I haven't found a short, handy rule on tremolo in the mandolin method. I have to read a little more about that. Thanks for the question!

    So far I have only found the following paragraph in the first part of the method for mandolin, which I have tried to translate from Italian into English (thanks to Goog translator). The result was:

    Tremolating is the most essential part of the mandolin; it contains that charm that emanates from the sound of this instrument, that delicate beat that conquers the listener; In short, knowing how to use tremolo means interpreting the music and effectively reproducing the sensations rather than strumming randomly. It is therefore necessary to give something to the instrument being played so that it really has a great effect; In the life of the mandolin and the tremolo, therefore, great injustice is done if it is neglected while it is instead the first duty of the teacher to instruct the student and induce him to overcome this obstacle. The only one, maybe a little serious, in the whole mandolin method.
    The tremolo consists of very rapid up and down movements of the plectrum in order, thanks to this speed, to obtain the amalgamation of a long note associated with the relative color.

    My understanding here is that the tremolo was the norm. He also writes that the tremolo is used on slow and long notes. That fits quite well with Etude 136. In his method for mandolin, Calace mainly refers to the teacher's knowledge. You were expected to know what to do.
    But I will continue to pursue the topic and also look up what he is writing in the method for Liuto.

    Thank you for the question! It's fun to dig deeper into Calace's theory.

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  9. #32
    Timothy Tim Logan's Avatar
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    Default Re: A Year With Calace?

    Quote Originally Posted by fkrumpf View Post
    The metric and free tremolo exist side by side. How they are used depends on several factors:
    - time of composition
    - composer
    - Origin of the composer
    - taste of the performer
    - skills of the interpreter
    - Reason for the composition
    and much more. Clear, catchy rules are difficult to formulate. In the end, the interpreter has to decide for himself.

    In the first lesson, I chose the metric tremolo because I had to commit to one aspect. Otherwise the number of pages for the lesson would have exploded. The free tremolo will gradually flow in as the course progresses.
    On top of that, it's just a good starting point to get your wrist used to the speed. Since I intend to teach techniques for practicing with the book, I wanted to incorporate that.
    You can also see notes in Part 6 of Calace's Method, where he relates to the metric tremolo. (e.g. Etude No 282 etc.)

    You´re welcome! :-)
    This is an amazingly helpful and informative reply - worth WAY many more cups of coffee. Thank you so much Florian. I am very, very grateful.

    “There are two means of refuge from the miseries of life: music and cats.” ― Albert Schweitzer

    1925 Lyon & Healy Model A, #1674
    2015 Phoenix Neoclassical Europa III #623
    2018 Carlo Mazzaccara Lucia
    2020 Burgin Shanghai Octave Mandolin - in progress!

  10. #33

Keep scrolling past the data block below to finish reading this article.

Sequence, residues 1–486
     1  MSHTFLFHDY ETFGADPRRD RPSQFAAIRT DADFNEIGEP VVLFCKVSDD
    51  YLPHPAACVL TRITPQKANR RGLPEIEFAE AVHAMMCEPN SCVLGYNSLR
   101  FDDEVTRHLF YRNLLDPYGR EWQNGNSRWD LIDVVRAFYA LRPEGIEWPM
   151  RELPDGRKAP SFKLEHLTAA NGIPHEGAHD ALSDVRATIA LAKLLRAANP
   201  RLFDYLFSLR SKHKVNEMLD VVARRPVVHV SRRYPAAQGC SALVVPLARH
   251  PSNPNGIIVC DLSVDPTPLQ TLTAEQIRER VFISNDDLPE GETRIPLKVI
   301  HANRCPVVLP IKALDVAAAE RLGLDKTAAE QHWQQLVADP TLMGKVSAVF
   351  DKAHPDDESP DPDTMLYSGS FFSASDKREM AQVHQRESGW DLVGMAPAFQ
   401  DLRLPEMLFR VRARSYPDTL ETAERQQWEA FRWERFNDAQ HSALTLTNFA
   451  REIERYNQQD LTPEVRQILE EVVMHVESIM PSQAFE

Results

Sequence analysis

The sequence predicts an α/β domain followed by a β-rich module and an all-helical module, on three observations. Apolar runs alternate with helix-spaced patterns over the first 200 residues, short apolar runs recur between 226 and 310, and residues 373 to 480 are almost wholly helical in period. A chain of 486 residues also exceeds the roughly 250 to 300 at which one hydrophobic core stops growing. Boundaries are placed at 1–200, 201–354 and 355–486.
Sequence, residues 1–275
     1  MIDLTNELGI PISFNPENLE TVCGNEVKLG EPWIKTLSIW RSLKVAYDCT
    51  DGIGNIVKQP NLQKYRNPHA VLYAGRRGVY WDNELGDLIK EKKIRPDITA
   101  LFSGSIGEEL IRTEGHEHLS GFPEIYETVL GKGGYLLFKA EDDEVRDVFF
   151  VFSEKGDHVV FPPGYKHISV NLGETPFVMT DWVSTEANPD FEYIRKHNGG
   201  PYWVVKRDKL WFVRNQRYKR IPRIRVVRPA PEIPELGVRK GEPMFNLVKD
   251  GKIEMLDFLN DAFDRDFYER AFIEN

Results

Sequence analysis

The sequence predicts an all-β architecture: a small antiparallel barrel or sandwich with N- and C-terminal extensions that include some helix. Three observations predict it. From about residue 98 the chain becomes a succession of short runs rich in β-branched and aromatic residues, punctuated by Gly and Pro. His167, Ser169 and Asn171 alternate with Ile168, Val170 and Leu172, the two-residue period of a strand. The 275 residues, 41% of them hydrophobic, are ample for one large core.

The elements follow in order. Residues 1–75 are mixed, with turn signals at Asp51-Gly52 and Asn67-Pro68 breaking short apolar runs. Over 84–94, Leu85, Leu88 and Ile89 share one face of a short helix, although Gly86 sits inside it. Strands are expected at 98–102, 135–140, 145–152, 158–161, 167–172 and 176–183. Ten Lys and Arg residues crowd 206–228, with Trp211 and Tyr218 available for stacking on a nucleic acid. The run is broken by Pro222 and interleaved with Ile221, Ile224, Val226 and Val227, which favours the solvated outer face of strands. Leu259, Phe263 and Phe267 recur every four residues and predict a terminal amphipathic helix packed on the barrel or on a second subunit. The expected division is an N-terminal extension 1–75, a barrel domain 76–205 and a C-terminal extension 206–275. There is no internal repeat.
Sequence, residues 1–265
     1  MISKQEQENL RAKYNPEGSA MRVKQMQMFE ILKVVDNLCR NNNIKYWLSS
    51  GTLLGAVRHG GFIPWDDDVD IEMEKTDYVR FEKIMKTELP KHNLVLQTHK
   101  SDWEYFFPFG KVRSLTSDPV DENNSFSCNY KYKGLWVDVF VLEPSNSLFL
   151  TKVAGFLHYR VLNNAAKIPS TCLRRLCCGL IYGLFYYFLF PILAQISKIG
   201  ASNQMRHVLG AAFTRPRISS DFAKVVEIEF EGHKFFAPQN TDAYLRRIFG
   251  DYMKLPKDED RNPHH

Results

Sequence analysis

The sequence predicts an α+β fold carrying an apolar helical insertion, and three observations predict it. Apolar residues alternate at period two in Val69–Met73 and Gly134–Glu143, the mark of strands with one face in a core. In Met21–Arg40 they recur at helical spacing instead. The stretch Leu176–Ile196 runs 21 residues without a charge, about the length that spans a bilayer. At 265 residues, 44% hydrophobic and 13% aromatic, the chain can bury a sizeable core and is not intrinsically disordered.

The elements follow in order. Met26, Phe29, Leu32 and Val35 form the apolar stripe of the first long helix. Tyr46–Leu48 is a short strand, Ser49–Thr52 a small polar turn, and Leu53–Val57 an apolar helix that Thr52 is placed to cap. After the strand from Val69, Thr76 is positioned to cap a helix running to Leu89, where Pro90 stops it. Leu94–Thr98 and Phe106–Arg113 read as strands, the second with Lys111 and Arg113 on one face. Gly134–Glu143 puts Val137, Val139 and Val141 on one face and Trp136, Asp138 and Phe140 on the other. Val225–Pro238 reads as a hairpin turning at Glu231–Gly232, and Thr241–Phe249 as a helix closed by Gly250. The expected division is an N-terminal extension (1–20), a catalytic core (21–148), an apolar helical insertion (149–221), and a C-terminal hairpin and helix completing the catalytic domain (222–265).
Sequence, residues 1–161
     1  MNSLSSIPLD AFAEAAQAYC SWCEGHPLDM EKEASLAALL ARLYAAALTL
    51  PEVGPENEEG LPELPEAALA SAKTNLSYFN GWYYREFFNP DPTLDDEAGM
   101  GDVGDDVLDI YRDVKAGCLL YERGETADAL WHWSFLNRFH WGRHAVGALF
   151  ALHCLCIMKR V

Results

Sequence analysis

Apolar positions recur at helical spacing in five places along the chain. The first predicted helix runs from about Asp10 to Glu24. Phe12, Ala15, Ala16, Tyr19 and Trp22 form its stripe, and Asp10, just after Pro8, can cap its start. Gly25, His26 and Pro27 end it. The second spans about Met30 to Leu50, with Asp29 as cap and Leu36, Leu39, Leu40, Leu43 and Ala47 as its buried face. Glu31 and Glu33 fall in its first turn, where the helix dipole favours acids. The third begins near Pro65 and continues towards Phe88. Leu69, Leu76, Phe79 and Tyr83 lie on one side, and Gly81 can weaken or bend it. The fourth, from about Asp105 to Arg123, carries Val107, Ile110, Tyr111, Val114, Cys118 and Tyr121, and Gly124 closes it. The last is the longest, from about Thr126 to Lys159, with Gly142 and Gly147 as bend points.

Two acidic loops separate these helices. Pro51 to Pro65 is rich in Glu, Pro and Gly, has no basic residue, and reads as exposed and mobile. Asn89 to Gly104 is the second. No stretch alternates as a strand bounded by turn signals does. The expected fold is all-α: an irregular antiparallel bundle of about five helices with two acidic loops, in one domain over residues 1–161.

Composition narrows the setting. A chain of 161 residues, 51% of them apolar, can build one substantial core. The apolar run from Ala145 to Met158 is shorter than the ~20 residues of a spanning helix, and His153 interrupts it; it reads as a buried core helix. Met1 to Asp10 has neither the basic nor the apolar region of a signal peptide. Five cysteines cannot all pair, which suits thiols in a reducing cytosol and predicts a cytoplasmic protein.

Timothy Tim Logan's Avatar
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    Default Re: A Year With Calace?

    Quote Originally Posted by fkrumpf View Post
    I haven't found a short, handy rule on tremolo in the mandolin method. I have to read a little more about that. Thanks for the question!

    So far I have only found the following paragraph in the first part of the method for mandolin, which I have tried to translate from Italian into English (thanks to Goog translator). The result was:

    Tremolating is the most essential part of the mandolin; it contains that charm that emanates from the sound of this instrument, that delicate beat that conquers the listener; In short, knowing how to use tremolo means interpreting the music and effectively reproducing the sensations rather than strumming randomly. It is therefore necessary to give something to the instrument being played so that it really has a great effect; In the life of the mandolin and the tremolo, therefore, great injustice is done if it is neglected while it is instead the first duty of the teacher to instruct the student and induce him to overcome this obstacle. The only one, maybe a little serious, in the whole mandolin method.
    The tremolo consists of very rapid up and down movements of the plectrum in order, thanks to this speed, to obtain the amalgamation of a long note associated with the relative color.

    My understanding here is that the tremolo was the norm. He also writes that the tremolo is used on slow and long notes. That fits quite well with Etude 136. In his method for mandolin, Calace mainly refers to the teacher's knowledge. You were expected to know what to do.
    But I will continue to pursue the topic and also look up what he is writing in the method for Liuto.

    Thank you for the question! It's fun to dig deeper into Calace's theory.
    I truly cannot express how grateful I am to have you respond to these questions. Access to this type of input is nye impossible for mere mortals! This is such a rare opportunity and, as I have said, your approach and concept is so well thought out and presented. (There should be away to contribute more than just one cup of coffee a month for your efforts!!)

    “There are two means of refuge from the miseries of life: music and cats.” ― Albert Schweitzer

    1925 Lyon & Healy Model A, #1674
    2015 Phoenix Neoclassical Europa III #623
    2018 Carlo Mazzaccara Lucia
    2020 Burgin Shanghai Octave Mandolin - in progress!